'Denali's Howl' investigates a 50-year-old climbing tragedy
LIT Andy Hall was five years old in 1967, a kid living at the base of Denali, North America's tallest peak. His father, a National Park Service veteran, took a job overseeing Mount McKinley National Park (as it was then called) just months before a climbing party known as the Wilcox Expedition encountered a freak storm near the summit. Seven of its 12 members died in one of the mountain's most enduring tragedies.
Hall, who grew up to be the editor and publisher of Alaska magazine, was always haunted by the incident, which he chronicles in Denali's Howl: The Deadliest Climbing Disaster on America's Wildest Peak (Dutton, 252pp., $27.95). These days, he lives north of Anchorage in the small community of Chugiak. I called him up to discuss his book, a page-turner that's as much about memory as it is about mountaineering.
SF Bay Guardian Why did you decide to write a book about the Wilcox Expedition?
Andy Hall I'd been working at a magazine for about 16 years, and I started feeling like I needed a change. I'd been close to this thing because my dad had been the park superintendent, and I'd run into a lot of people who'd been involved in it one way or another. I saw how it affected them still. I thought, "Well, I've got a great story sitting right here in my lap."
At the time I started [writing the book], my dad had died five years prior. Some of the guys who'd been involved were getting up there in age. I thought, if I'm gonna do this, I gotta do it now. There were times I regretted not sitting down and having a formal interview with my dad about it, but I had talked with him enough that I knew what happened, and I knew there was a lot more material I could dig into.
SFBG Beyond the folks in your community, how did you track down your sources?
AH Some of the key players I did already know. But the ones that I really wanted to find were more difficult. For example, I wanted to find Gary Hansen, who'd managed the Alaska Rescue Group, the civilian rescue organization [that had attempted to help the climbers]. He left Alaska in the early 1970s, but I knew he was an architect, and I'd heard he'd gone to California. I'm not a detective, but I just thought: Look for someone who's licensed in both Alaska and California. He got on the line after I called his office and said, "You found me!" Once I connected with him, he made even more recommendations, and it went on from there.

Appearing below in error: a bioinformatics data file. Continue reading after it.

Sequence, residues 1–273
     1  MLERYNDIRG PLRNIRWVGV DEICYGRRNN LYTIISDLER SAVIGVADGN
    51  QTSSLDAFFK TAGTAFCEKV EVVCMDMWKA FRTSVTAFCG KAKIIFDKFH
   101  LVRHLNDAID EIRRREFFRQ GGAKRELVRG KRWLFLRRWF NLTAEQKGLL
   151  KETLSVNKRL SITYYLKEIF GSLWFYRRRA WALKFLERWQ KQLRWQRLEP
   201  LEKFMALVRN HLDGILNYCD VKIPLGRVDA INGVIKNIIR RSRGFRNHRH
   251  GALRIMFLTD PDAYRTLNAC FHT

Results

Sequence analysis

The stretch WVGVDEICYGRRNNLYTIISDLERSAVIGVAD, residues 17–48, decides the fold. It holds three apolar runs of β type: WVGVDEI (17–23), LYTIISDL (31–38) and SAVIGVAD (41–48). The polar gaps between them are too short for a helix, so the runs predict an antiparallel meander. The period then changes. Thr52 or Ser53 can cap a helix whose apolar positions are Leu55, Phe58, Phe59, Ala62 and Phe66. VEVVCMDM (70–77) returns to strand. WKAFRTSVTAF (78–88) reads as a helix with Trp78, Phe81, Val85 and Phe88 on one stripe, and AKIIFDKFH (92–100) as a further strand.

SFBG How did you extract the truth from the various stories you were being told?
AH Memory was definitely a big player. [Survivors] Joe Wilcox and Howard Snyder had both written books; I read both, and there were conflicts. If I could investigate [discrepancies] in person, I would. Then, there were original letters, documents, and journals, and I read what everybody wrote, but I would go beyond that. In the National Park archives, there were longhand accounts that had been written immediately after the incident.
In my dad's desk, I found a reel-to-reel tape that had interviews with the would-be rescuers from the Mountaineering Club of Alaska. It was their firsthand account of finding artifacts [from the Wilcox Expedition], and then finding [the first three] bodies. So I had these early-as-possible accounts, and I would compare them to what was written later. Some people maintained a pretty solid account of what happened throughout, while others were less consistent.
In the case of Joe Wilcox, I think he wanted to make sure that people didn't think the men on his team were incompetent. I don't think he needed to do that, but I think he really wanted them to be portrayed in a positive light.
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